Metrics to Measure the Success of Your Website Marketing
The only way you can make progress with your online business is to keep track and measure your activities. For most small business owners, measuring sales is at the top of the monthly and quarterly agendas.
However, sales are a result of the marketing strategies and processes implemented in the business, so it makes sense to measure these marketing activities. Metrics provide insight into the health of your online business marketing tactics.
You want to do more of what is working and adjust items to help achieve optimum value. However, not all metrics matter!
For instance, would you rather measure the number of mentions your brand gets on social media or the number of new leads that result from the mentions? Clearly, measuring the latter is important since it impacts your sales.
Here are a number of metrics that can help your business measure and gauge the effectiveness of your online marketing:
1. Total Visits (Sessions)
The total visitors (sessions) to your website will help you get the “big picture” of how well your marketing campaigns are driving traffic.
While you may be driving traffic to your website, you should also measure the number of visits to your social media accounts and landing pages as well.
If your online marketing is working, your web traffic will be growing. There may be small dips at times based on seasonal fluctuations or other items but you want your traffic to be ever growing as you reach more of your ideal audience online.
If you notice a drop in the number of visits in consecutive months, investigate those channels and optimize them for better performance. A healthy business should see the number of visitors growing steadily over time.
2. Channel-Specific Visitors
If you’re using different avenues to drive traffic to your website, find out how many visitors come from each of those sites.
For instance, if you are using a Facebook Page and perhaps Facebook Ads to drive traffic to your website, then you want to review at least monthly the traffic coming from Facebook to your website.
Google Analytics (free web analytics tool you can add to your website) makes this easy to see. Measuring channel-specific visitors is especially important if you want to segment the traffic based on their point of origin.
This metric can help you identify the properties that bring the highest number of referrals so that you can concentrate your efforts in future marketing.
So, if you are using Facebook and measuring traffic from it, then if you notice Facebook is driving more visitors to your website in subsequent months, scale your promotions in the channel.
For instance, post more often, use PPC ads, experiment with Promoted Posts, etc.
3. Bounce Rate
The bounce rate refers to the percentage of visitors that leave your website quickly without reading your content. If they land on a page and quickly leave, they have “bounced.”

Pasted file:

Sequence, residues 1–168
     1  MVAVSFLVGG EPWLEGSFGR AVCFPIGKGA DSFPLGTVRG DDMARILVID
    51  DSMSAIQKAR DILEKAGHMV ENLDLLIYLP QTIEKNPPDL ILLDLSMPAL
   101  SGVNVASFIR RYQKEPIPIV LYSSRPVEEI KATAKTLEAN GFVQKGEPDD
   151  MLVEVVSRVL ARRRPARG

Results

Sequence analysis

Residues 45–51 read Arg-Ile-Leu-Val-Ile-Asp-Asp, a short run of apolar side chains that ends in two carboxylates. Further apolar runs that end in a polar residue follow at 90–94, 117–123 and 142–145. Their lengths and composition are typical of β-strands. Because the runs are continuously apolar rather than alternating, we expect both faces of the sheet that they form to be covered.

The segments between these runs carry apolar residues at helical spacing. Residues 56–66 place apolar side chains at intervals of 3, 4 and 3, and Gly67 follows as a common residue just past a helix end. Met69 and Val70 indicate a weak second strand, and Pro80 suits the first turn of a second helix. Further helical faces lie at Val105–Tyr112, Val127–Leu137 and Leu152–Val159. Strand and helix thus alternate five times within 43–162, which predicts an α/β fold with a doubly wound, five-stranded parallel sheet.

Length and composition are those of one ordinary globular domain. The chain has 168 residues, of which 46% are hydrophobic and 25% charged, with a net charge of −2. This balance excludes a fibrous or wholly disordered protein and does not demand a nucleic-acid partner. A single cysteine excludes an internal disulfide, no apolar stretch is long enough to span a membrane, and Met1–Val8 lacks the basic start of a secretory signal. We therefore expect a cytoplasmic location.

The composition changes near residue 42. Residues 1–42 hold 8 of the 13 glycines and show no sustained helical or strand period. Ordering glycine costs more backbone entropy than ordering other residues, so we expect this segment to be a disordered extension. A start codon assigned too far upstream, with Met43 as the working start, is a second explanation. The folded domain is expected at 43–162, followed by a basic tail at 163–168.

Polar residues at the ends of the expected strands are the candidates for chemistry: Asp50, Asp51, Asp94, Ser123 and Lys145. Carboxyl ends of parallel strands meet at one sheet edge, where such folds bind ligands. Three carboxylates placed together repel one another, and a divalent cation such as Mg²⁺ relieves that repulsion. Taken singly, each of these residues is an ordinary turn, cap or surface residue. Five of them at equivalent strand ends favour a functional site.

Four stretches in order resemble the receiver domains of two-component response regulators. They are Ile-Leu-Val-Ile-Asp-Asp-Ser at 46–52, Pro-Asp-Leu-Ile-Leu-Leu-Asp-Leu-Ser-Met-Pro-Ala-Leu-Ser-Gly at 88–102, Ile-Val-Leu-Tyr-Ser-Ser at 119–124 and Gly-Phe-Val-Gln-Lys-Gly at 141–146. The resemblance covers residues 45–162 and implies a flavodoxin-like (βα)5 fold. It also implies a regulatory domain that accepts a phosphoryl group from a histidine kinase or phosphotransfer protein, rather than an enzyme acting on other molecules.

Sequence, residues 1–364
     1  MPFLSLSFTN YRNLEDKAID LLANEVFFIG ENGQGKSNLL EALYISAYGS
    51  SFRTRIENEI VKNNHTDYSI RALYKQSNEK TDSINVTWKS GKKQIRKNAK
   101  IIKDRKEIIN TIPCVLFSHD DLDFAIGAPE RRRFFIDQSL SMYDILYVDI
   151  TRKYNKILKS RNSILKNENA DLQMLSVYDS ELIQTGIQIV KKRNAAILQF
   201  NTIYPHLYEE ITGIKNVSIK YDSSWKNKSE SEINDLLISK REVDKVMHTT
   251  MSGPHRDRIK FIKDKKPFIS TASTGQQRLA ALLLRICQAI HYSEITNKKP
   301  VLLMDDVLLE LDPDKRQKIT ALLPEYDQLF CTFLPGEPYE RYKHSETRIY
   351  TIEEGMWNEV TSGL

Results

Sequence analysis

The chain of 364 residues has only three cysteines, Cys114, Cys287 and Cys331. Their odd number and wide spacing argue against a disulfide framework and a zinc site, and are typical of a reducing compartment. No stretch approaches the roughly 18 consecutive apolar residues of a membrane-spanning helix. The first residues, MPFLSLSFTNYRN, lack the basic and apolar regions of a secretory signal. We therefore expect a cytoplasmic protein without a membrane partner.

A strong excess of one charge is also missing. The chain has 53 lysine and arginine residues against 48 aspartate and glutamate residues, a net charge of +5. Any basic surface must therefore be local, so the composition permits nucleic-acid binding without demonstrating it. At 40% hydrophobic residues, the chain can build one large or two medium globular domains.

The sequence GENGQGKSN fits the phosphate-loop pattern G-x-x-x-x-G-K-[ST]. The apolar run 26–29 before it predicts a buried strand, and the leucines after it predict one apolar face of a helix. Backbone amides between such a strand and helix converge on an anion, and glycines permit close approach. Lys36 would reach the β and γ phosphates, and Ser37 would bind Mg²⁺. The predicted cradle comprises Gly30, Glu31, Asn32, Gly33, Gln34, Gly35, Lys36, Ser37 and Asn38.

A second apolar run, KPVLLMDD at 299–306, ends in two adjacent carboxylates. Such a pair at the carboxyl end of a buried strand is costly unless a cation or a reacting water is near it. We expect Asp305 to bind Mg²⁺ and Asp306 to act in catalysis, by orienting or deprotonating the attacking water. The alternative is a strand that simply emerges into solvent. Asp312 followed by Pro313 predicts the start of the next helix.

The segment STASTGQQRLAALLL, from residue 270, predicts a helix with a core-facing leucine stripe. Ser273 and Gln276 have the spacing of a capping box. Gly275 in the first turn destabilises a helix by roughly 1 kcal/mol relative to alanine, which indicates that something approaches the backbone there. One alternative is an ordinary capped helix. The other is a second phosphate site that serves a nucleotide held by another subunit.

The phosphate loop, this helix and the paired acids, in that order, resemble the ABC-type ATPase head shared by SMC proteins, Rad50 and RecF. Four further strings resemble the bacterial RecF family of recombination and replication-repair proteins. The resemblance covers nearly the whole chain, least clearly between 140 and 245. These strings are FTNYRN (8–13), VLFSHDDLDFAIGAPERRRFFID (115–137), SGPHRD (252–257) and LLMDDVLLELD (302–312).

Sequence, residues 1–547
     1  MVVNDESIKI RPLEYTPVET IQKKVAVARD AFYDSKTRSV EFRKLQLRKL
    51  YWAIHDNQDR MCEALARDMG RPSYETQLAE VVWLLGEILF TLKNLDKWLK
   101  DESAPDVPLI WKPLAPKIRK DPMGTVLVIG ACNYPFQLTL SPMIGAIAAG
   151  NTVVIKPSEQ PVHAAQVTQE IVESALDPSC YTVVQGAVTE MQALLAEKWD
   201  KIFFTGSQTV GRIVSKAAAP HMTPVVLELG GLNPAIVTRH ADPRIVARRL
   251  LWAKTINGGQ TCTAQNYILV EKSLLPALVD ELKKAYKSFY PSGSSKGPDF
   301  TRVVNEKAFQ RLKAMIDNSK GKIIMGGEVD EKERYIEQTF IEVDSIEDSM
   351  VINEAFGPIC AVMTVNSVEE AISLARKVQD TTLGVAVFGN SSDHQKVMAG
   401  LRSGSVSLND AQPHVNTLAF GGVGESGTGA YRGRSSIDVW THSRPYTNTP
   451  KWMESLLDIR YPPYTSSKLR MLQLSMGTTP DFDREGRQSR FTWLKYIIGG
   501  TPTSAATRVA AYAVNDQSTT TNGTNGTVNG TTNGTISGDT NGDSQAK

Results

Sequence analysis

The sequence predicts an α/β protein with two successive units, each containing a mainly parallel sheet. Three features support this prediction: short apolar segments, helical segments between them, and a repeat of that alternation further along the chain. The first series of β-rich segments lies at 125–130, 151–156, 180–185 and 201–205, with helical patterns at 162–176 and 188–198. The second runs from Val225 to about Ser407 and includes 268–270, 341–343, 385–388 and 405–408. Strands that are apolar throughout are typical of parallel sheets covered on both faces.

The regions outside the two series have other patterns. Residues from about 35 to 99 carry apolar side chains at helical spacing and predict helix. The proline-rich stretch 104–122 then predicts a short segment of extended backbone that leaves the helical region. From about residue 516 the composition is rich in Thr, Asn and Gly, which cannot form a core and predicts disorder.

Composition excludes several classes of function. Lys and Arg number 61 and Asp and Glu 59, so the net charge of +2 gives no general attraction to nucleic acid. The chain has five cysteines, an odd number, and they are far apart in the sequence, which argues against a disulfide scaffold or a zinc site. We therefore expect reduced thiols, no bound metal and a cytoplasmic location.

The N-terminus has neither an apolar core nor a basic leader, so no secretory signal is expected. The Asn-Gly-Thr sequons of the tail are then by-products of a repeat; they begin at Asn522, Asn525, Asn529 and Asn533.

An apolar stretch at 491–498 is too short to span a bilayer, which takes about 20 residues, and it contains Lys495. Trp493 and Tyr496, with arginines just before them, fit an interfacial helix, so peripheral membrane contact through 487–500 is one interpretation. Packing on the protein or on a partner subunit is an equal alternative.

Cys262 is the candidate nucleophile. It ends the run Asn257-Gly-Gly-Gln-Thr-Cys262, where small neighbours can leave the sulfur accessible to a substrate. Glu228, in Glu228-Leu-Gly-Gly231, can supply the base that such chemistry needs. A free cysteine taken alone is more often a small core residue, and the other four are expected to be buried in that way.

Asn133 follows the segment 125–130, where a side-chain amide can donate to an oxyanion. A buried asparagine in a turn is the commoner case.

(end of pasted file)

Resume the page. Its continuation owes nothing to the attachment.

You want to try and keep the bounce rate as low as possible by creating high-quality content that will make visitors want to spend more time on the website.
So, if you see the bounce rate increasing per month, that’s an indication to put more emphasis and changes into your site content. One item important to this is a mobile-friendly website!
You may have quality content on your site but if the site is being visited by mobile users and the site is not mobile-friendly (easy to use and view on mobile) then that can be the reason for your bounce and it needs addressed!
To research this, Google Analytics lets you see the percentage of users to your site that are on mobile devices. If you have a high bounce rate and a mobile visitor percentage above 40%, that can be a key item you need to address!
4. Time on Site
Related to the bounce rate is the time spent by visitors on your site. Ideally, you’d love to have visitors spent 5-8 minutes on your site per visit. That means they are digging in, reading your website content and going to multiple pages.
By watching this metric, a business can tell what content is working and how well you are providing useful value to your visitors. The more they spend time, the more trust can be built, and the more they can be comfortable making a purchase from you!
5. New Leads
Definitely track the number of leads that your online properties are generating. Leads are the lifeline of any small business. Here is an overview of the leads you can track:
- Overall leads generated from your website and other online properties via forms that they submit on the sites
- Number of new leads that converted to customers
- Number of leads that inquired about your product or services
This may mean the people that answer your phones need to be trained to inquire how the caller first got acquainted with you. If it was via your website, document that in a spreadsheet so you know how your online is translating to your offline.
When leads enter your sales funnel, it’s important to then segment them based on their interests. This way, you can engage them with relevant content, likely via email marketing, to build their trust and break the ice.
Consistent lead engagement helps to reduce the friction to buying. Measuring these five metrics above are simple methods that will help you understand the effectiveness of your online marketing strategies!
Want a simple way to get a report each month helping you to measure these items? Check out Quill Engage and how it generates a report from your Google Analytics.